I didn’t know this was such a well guarded secret. Which leads me to a story to share. I had a supervisor (Ed) back at EarthLink who made it a point to have story time during his pre-shift meetings, those were the best days to be working. I remember that Ed was on vacation once and our assistant supervisor Dennis was running the team. Well instead of telling us a story, he brought in a kids picture book to read to us. It was awesome, there were about 80-90 tech support reps all sitting in the break room hanging on every word from a book for 2 year olds. Funniest sight ever.
But that’s a whole different story than the one I wanted to share.
One one particularly long night at EarthLink, back in 2001 or so (I was using SQL 2000 at the time), I had a lot of database data changes to make (I have no idea why at this point). Probably business rules had changes so data needed to be changed, and indexes needed to be changed, or something. Needless to say SQL was going to be running queries all night long.
Well, having already worked 12-16 hours that day, I didn’t really want to stay up all night watching SQL run. So I cranked up the speakers on the PC as load as they would go (I had some nice speakers so they got loud), and set Windows to as load as it would go (I’m a heavy sleeper) and started the first of the T/SQL Scripts. I promptly curled up on the floor with my pillow and blanket that I had brought in and went to sleep. About three hours later I was woken up by the loudest “Windows ping” ever. It really scared the crap out of me, but it did the job. I checked what ever it was that needed checked and started the next script.
This happened probably three or four times through out the night. The next morning I took a shower (we had showers on site for just such nights), and changed my clothes (my wife was kind enough to bring me a change of clothes before she went to bed) and went on with my new work day, after technically pulling an all nighter that I slept through about 99% of.
If only all, all nighters were that easy.
This used to be a very easy question to answer as the answer was 1. However these days, with some creativity you can get some extra ones.
So, as you may have heard the SQL PASS 2009 Call for Speakers has gone out. I’ve submitted a couple of sessions already, but I was hoping to get some feedback from the community at large about what you think I should submit topics on.
I’ve submitted a couple of SQL Service Broker sessions, as well as a session on Storage, and a session on planning a database migration. I’ve got all sorts of stuff that I could submit, but if no one is interested in it, then there isn’t much point on trying to present those topics.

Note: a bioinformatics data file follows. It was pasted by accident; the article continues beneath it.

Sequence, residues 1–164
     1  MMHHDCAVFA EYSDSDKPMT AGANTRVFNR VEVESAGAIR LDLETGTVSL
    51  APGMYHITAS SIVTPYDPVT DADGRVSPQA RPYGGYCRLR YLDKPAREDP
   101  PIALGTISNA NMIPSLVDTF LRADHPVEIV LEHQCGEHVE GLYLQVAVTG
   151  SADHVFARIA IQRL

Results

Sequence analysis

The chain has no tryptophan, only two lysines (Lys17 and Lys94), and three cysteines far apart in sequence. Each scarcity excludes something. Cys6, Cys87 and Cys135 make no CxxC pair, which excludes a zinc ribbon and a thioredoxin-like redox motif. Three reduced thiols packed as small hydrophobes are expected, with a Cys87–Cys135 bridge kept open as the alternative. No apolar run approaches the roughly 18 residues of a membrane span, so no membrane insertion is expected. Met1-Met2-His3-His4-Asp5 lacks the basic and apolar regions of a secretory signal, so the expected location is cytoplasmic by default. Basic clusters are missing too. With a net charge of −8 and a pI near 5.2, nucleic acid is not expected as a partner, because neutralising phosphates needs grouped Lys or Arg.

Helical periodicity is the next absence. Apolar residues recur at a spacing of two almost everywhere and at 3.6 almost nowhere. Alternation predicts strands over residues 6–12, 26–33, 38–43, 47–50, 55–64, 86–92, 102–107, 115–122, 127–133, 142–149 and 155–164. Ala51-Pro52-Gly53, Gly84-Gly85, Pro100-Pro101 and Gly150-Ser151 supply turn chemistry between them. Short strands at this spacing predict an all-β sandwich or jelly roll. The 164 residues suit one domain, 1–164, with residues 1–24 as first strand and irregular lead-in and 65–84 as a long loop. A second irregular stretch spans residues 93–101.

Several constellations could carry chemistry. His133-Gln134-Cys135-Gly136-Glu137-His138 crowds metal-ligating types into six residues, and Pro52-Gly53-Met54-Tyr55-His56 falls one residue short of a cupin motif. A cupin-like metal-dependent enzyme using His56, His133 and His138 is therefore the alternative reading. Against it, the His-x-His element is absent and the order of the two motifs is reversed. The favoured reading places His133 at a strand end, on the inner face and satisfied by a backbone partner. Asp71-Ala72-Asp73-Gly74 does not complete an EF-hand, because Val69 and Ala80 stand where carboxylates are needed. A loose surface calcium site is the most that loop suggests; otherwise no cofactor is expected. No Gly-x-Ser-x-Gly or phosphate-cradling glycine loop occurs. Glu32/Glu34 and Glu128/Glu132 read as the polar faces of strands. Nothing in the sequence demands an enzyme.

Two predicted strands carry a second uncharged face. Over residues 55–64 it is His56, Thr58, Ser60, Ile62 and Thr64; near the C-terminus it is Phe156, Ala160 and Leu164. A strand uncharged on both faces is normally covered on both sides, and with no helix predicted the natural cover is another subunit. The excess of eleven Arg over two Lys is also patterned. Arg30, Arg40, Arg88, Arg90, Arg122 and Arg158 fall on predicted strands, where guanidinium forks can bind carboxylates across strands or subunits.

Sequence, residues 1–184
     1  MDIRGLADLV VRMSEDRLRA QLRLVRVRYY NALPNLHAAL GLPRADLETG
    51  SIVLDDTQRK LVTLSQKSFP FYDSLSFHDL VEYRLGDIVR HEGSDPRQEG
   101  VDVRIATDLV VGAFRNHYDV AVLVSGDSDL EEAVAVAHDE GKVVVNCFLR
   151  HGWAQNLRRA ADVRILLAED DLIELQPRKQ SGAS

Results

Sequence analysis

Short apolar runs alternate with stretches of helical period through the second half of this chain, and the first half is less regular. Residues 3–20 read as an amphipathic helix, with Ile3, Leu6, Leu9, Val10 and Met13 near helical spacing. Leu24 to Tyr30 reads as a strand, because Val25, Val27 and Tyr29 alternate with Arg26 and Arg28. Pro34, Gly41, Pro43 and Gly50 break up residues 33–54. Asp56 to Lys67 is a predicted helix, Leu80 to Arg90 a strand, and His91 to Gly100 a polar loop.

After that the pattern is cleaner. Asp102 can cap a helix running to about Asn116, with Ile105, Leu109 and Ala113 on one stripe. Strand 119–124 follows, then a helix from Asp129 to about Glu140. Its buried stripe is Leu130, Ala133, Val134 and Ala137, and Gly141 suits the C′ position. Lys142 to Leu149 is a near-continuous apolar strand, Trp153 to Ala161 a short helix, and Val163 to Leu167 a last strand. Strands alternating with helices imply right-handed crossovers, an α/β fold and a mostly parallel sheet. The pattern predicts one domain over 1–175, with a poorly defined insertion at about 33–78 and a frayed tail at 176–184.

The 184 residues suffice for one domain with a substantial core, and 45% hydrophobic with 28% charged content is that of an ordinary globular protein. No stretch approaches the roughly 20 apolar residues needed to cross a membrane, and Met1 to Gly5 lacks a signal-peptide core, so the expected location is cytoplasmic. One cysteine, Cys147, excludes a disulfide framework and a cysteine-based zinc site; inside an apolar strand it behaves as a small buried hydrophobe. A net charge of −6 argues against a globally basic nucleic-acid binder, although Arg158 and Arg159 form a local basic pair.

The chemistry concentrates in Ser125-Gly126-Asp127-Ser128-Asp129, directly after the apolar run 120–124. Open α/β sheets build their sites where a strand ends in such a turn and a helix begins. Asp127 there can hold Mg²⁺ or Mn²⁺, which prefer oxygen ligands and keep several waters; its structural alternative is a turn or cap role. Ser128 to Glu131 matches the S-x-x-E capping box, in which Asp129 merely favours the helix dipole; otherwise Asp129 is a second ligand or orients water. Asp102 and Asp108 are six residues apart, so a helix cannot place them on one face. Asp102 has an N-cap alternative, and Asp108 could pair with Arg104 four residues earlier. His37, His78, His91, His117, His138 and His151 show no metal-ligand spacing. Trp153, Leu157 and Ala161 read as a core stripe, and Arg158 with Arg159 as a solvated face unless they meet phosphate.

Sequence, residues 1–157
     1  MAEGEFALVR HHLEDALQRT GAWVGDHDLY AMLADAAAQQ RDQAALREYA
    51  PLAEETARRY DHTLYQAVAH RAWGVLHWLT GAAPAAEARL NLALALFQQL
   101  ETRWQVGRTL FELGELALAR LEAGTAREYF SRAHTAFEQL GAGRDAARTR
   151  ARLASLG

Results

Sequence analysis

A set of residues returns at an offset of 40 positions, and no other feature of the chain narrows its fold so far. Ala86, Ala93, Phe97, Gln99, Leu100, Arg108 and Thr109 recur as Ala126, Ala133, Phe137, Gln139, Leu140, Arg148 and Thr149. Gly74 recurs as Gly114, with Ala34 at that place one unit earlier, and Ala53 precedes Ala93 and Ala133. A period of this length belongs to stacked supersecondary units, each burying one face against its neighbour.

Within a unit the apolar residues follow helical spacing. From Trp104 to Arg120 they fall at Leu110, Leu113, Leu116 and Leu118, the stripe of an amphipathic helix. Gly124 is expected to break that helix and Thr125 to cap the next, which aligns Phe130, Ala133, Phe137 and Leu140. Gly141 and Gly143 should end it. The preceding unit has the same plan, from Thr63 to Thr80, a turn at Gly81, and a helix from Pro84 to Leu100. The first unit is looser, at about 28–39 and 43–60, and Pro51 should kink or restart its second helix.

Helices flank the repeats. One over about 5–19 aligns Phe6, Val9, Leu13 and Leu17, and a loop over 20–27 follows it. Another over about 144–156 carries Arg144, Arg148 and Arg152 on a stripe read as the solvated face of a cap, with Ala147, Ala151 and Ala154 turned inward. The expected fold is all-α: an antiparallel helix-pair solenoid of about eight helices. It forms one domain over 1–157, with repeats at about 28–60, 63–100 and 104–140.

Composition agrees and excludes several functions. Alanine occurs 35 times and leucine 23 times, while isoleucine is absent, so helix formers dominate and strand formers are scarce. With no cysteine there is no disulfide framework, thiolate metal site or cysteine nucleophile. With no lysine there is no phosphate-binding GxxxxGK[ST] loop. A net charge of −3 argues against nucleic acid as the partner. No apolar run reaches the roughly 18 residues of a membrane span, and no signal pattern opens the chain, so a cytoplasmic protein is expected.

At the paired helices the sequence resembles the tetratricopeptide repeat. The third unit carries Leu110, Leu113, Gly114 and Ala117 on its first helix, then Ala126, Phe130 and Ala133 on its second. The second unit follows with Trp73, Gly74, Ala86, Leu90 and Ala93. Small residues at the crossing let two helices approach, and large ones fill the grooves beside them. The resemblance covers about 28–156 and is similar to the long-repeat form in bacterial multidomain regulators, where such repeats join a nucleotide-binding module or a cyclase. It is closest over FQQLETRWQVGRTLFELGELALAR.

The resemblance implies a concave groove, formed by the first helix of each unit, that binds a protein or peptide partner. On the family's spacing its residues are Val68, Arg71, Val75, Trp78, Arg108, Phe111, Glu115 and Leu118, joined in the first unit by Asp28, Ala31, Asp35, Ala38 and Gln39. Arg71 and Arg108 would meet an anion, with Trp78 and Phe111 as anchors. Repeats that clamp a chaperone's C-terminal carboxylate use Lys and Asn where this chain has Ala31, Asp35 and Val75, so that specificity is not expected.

So I pose this question to you: If you were going to the PASS Summit this year in Seattle what would you like to see presentations on? Should I leave these sessions up there, or replace them with others?
The slide decks and sample code that Brent and I presented with have been uploaded. The recordings have to be edited down, as Live Meeting uses a single large recording, and no one wants to sit through a 5 hour recording, so it’s being broken down into smaller chunks.
The slide decks are hosted via Slide Share and the sample code from my presentation is up on the SQLServerPedia.com servers.
For anyone that will be attending this weeks LA SQL User Group Meeting over at UCLA, here is the slide deck that I’ll be presenting from. Feel free to check it out in advance. If you aren’t attending and have questions feel free to post them here and I’ll get them answered for you as quickly as I can.
See you there.
All to often when helping people look at query performance problems I’ll ask them to look at the execution plan, and see what it says. Most query performance problems can be resolved simply by looking at the execution plan and seeing where you need to add an index.
All to often I (and others) then get asked, how to I look at the execution plan, and what does it mean?
I ran across the post A Culture of (Potential) Assholes: Sexual Harassment in IT on twitter today, and all I could think was “What the hell is wrong with people?”
Before I go on, I’d like to go on the record with a few things. I’m a guy, and have on occasion been called a pig (I try and keep these occasions as few and far between as I can). So I’m not above treating people like crap, but this is just so far beyond acceptable.
They story which is given on the thread is that a drunk “douche bag” (my words not his) walked up to a woman (which I assume he didn’t know) and gave her his room key telling her that she better he up to his room later.
I just can’t imagine doing this to someone. Now maybe I’m a more evolved form of caveman, I don’t know. Now, the original poster didn’t say which conference this was in his post, but I will because I think that it makes it even more pathetic that the creep said what he said to this woman. This was the MVP Summit in Seattle. For those that don’t know what the MVP Summit is, this is when Microsoft invites all the members of the MVP program for that year up to Seattle and show them all the shinny new things that they are working on.